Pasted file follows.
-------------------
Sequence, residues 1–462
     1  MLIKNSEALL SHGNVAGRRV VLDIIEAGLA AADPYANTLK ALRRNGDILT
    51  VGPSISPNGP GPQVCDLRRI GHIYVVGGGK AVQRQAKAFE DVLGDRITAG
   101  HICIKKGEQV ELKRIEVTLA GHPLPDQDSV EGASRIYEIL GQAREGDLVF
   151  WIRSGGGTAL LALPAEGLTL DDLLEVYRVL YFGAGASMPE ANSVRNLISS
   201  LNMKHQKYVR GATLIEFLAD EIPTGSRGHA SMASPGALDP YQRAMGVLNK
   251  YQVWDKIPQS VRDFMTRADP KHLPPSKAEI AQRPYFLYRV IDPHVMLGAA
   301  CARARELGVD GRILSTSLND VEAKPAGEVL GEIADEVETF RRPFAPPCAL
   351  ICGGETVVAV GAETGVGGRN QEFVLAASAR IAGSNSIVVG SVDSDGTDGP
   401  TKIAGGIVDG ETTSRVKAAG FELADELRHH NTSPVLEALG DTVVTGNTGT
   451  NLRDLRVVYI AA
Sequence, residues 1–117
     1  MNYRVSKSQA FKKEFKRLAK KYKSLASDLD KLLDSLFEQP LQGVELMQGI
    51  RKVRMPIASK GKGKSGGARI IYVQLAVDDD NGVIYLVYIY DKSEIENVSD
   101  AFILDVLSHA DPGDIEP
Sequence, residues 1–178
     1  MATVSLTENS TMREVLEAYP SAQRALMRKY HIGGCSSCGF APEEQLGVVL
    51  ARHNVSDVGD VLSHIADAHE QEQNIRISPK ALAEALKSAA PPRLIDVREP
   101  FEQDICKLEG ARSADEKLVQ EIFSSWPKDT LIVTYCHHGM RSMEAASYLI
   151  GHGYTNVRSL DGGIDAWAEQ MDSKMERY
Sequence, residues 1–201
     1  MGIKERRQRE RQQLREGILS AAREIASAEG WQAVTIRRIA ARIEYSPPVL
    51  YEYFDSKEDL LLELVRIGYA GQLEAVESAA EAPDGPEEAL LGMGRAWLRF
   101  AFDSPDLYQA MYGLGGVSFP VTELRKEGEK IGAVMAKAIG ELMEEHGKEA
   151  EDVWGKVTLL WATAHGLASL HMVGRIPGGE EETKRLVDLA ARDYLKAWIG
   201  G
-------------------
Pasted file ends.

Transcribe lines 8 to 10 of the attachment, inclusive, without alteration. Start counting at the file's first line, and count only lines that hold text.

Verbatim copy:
   301  CARARELGVD GRILSTSLND VEAKPAGEVL GEIADEVETF RRPFAPPCAL
   351  ICGGETVVAV GAETGVGGRN QEFVLAASAR IAGSNSIVVG SVDSDGTDGP
   401  TKIAGGIVDG ETTSRVKAAG FELADELRHH NTSPVLEALG DTVVTGNTGT